As this week I’m now eligible for the 12 month CGT discount, I’ve been waiting to sell off my Supply Network (SNL) shares at $1.60, and today the order filled. I began buying SNL at 42c, however this block cost me 89c – giving me a mere 80% profit for the period. Not bad!
After only writing about Nearmap (NEA) a month ago, I logged in to see I was currently sitting at a 50% profit, so I sold them too. I believe Nearmap have long-term prospects, but such a fast windfall is worth taking now, and if it falls back around the 7c mark I will buy in again.
Finally, while I hadn’t written about Mincor (MCR) I bought a small block of shares due to their low-cost operation, exploration upside, and competent management. In retrospect I probably should never have bought MCR with the current systemic risk out there, which could easily hammer the price of nickel into the ground. It’s another competent firm which I believe will be cheaper in the future, so I have decided to undo my mistake, and picked up 8% profit while I was at it.
I am planning to sell down my BigAir (BGL) too, but since HY13 numbers came out the share price has been hovering around the 50c mark. I plan to sell down at least part of my shares when they return to 60c.
My medium-term portfolio strategy is not going to be holding a lot of value, I’m more focused on a few explorers, cash, and precious metals. Hardly a value portfolio. I still hold CKL in anticipation of an inevitable re-rate of the stock.
In my view, the global economy (including Australia, China, and everybody else) is going to have to eat an enormous shit sandwich in the very near future. My super is now in 100% cash and I get a guaranteed tax-free return by paying down my mortgage. I will keep an eye out for value picks that are less subject to systemic risk, but in the meantime I am sitting and waiting for everything to play out before I go risk on again.
BigAir today put up their HY13 results, and while I (and so it would seem, the market) was expecting better, the results are still solid:
Revenue $15m (up 36%)
EBITDA $5.5m (up 20%)
NPAT $2.37m (up 15%)
Operating Cash Flow $4.48m (up 19%)
What we see is a business priced at $100 million, with annual revenues of $30m, with EBITDA margins around 37%. The key measure BigAir use as a yardstick for the business’ ability to print money is the EBITDA run rate – an annualised measure of the billing base which can be used to calculate the growth in the business. FY12 saw full-year EBITDA at $9.75m. During the second half of FY13, EBITDA run rate is expected to hit $14m. Given a half year EBITDA of $5.5m it is reasonable to anticipate a FY13 EBITDA of $12m, which would give a full year NPAT around $5.4m or underlying EPS of 3.3c per share.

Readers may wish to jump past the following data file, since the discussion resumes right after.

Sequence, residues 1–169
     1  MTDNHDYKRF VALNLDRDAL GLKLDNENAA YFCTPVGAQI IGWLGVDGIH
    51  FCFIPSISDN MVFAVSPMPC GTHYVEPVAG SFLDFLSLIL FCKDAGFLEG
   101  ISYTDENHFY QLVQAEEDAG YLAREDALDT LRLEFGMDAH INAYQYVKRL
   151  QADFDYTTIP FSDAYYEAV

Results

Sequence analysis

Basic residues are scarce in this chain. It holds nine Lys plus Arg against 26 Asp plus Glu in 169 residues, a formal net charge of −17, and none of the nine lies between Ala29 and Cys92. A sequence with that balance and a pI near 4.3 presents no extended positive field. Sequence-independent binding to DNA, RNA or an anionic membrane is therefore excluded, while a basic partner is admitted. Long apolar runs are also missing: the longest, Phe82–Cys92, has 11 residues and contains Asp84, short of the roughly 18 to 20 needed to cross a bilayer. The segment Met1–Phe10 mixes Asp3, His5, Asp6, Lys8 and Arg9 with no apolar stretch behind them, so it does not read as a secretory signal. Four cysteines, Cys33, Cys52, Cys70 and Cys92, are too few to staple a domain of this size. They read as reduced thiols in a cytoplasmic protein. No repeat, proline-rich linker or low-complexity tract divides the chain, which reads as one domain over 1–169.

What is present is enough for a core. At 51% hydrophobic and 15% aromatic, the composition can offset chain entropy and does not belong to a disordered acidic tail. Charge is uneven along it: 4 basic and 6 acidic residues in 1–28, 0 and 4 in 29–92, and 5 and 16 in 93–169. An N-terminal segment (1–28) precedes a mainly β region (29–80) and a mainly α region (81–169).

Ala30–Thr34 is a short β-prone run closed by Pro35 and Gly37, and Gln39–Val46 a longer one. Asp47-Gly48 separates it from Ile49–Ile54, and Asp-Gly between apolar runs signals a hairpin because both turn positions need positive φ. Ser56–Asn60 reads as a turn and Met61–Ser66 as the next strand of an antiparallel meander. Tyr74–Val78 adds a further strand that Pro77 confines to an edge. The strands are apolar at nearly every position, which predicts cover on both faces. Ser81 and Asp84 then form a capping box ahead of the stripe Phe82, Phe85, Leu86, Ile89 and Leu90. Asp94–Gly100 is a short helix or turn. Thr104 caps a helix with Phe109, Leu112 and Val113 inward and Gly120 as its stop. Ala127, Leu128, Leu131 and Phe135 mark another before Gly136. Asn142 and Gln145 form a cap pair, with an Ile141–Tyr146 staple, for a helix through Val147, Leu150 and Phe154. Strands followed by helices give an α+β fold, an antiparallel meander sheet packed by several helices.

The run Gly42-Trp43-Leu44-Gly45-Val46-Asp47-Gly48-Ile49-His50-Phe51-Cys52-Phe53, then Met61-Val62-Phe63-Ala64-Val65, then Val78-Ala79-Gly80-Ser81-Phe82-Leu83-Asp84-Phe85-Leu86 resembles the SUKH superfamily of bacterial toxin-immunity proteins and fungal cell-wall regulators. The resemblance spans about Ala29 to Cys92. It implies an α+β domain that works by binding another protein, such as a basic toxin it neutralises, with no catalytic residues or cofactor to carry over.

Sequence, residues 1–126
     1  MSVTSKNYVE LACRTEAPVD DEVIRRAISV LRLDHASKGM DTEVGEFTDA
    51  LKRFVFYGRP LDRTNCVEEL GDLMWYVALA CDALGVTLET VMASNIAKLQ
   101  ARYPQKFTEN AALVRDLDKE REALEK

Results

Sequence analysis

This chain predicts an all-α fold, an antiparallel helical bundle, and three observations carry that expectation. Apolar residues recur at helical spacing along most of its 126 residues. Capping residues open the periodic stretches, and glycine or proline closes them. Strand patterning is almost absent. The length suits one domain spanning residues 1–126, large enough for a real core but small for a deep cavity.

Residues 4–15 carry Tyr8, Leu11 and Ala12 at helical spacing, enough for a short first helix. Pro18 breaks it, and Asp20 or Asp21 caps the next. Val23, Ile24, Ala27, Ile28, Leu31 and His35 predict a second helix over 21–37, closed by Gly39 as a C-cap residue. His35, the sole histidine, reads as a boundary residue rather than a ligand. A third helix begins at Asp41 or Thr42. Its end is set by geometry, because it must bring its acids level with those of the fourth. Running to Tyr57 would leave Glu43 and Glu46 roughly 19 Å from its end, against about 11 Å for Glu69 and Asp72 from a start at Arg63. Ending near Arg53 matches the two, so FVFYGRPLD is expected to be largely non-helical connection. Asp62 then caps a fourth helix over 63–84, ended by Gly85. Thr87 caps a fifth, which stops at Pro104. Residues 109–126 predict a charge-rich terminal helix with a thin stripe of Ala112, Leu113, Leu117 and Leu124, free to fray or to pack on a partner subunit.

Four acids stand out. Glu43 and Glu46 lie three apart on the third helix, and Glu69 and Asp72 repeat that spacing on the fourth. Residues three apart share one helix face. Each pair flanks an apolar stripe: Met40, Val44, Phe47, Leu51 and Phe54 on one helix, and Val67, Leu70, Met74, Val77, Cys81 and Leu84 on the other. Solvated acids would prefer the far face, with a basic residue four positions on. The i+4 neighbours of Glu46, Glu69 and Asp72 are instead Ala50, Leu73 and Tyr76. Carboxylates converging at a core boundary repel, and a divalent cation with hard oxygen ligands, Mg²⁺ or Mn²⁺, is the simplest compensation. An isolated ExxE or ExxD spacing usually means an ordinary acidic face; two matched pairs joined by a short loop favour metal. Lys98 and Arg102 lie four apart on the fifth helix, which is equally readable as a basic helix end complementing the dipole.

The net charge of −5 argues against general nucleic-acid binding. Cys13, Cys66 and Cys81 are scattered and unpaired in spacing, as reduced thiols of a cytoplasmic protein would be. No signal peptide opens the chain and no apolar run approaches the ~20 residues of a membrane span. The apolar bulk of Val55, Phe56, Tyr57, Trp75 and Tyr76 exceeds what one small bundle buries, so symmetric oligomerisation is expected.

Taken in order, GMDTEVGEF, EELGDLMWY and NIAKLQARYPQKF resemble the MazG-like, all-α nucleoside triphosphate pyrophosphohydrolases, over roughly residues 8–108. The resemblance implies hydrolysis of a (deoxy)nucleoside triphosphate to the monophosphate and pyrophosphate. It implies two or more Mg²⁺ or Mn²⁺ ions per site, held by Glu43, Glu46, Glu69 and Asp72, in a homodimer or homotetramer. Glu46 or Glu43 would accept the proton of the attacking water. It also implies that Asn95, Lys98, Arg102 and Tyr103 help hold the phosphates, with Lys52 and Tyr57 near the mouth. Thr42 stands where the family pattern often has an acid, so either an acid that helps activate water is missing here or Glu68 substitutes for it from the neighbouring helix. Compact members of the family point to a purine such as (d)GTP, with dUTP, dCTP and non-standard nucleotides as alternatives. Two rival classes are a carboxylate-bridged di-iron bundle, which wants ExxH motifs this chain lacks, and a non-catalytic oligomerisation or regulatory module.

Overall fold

There’s no getting around the fact that after hitting a CAGR of 50% for revenue over the past few years, that the BigAir’s meteoric growth is beginning to slow down. There are additional synergies to be unlocked from the Allegro acquisition but it’s getting harder to justify a 20x earning multiple (as of today it’s 16.5)
As management were silent on the prospects of a dividend it’s safe to say the 1c per share paid in 2012 will be all for this financial year. Right now I think the business isn’t too overpriced, and will continue to hold. If the share price goes up toward the 80c mark I intend to sell.
Colorpak’s HY13 results were released recently, and are now giving a picture of what the entity will look like post-consolidation.
HY13 figures are as per below:
EBITDA: 10.7m (11.5%)
NPAT: 4.7m (5.1%)
On the surface, it appears Colorpak have transitioned quite well through the CHH acquisition, emerging with a business double the size. While EBITDA margins have fallen from an average around 18%, they are improving. The emerged business now has net assets of 86c per share, debt/equity of 47%, and generated free cash flow of $7m (8.7c per share) in HY13. The fall in revenue is attributed to the loss of a number of low-margin CHH accounts.
Management has also done a sterling job consolidating operations, with headcount falling 16% from 820 to 690. HY dividend has increased to 1.75c. Having been roughly break-even on my shares the past 2 years, one could be tempted to sell out after the recent rise in price from 55c to Monday’s close of 73.5c. But I’m pretty bullish on CKL over the next 2 years, given not many are aware of the business, and EBITDA margins should continue to improve, I’m anticipating a big re-rating of CKL by the market over this period. I will continue to hold and am considering adding to my current position.